More Than One-Third of Workplace Injuries Occur during the First Year on the Job

The Travelers Companies, Inc. the country’s largest workers compensation insurer, today released its 2022 Injury Impact Report. The study analyzed more than 1.5 million workers compensation claims over a five-year period (2015-2019) and revealed that 35% of injuries occur during employees’ first year on the job, regardless of age or industry experience.

“Our data underscores the importance of comprehensive onboarding and training programs for employees, particularly as we continue to navigate the challenges of COVID-19 and see many workers starting new jobs,” said Chris Hayes, Assistant Vice President, Travelers Risk Control – Workers Compensation and Transportation. “While new employees are among the most vulnerable, many injuries sustained by employees of any tenure can often be prevented if the proper safety measures are in place.”

The study provided insights in a number of areas related to first-year injury claims.

Most Common and Costliest Claims

The most common causes of first-year injuries

Father seriously injured in crash while saving kids still in coma, already had both legs amputated

Alfredo Herrera already had to have his legs amputated and is still in the hospital after Saturday’s tragic car wreck on Hardy Toll Road near Rankin Road.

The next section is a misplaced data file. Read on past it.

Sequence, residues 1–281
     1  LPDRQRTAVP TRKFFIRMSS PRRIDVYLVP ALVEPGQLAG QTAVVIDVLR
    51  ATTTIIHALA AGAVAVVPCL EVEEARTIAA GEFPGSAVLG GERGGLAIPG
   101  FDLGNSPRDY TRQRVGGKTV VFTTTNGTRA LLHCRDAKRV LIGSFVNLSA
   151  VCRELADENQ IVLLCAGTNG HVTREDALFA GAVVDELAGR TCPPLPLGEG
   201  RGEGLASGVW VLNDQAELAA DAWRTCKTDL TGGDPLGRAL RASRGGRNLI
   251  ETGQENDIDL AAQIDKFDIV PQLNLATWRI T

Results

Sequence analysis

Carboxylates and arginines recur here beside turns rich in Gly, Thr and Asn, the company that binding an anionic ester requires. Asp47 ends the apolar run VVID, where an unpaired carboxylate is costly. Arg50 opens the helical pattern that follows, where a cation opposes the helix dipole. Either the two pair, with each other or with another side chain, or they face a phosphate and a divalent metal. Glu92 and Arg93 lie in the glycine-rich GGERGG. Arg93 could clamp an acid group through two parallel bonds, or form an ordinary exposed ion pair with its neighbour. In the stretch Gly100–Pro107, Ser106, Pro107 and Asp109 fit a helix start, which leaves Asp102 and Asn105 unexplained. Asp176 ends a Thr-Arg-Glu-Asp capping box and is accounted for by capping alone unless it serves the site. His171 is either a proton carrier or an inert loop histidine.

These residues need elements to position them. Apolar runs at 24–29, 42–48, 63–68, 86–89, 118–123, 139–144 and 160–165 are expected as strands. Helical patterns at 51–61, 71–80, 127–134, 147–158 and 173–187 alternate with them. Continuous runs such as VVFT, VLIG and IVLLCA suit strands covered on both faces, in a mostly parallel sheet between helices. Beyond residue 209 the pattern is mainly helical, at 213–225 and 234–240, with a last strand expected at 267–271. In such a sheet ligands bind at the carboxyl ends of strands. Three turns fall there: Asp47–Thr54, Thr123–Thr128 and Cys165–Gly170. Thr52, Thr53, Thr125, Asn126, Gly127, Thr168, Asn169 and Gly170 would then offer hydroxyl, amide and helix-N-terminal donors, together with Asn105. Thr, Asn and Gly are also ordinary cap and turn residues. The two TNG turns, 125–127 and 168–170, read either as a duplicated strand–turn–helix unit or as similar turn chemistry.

The family of four was driving on the tollway when loved ones say the wife fell asleep at the wheel, her husband then tried from the passenger seat to gain control, and they smashed into the concrete barrier. Their vehicle ultimately stopped across several lanes of the highway and as Alfredo rushed out of the SUV to get his kids out of harm’s way another car came along and smashed into him.

“He’s still in critical condition in a coma,” explains his Stepmom Esperansa Herrera. “He’s still not able to breathe on his own. He took a breath

At least 14 amputees are among wounded in Boston attack

Along with the three who died and the more than 170 people injured in the bombings at the Boston Marathon, a lasting image of the episode may well be those who lost legs — a total of 14 people, including two patients who lost both legs.

In an event that celebrates runners with strong limbs, these victims will face a future without at least one of theirs.

Among the three patients remaining at Boston Children’s Hospital is a 10-year-old boy whose leg was amputated and remains in critical condition. He is suffering from multiple leg injuries, says spokeswoman Erin Tornatore. Other hospitals reporting patients who underwent amputations included Massachusetts General (4), Brigham and Women’s (1); Beth Israel Deaconess Medical Center (3); and Boston Medical Center (5).

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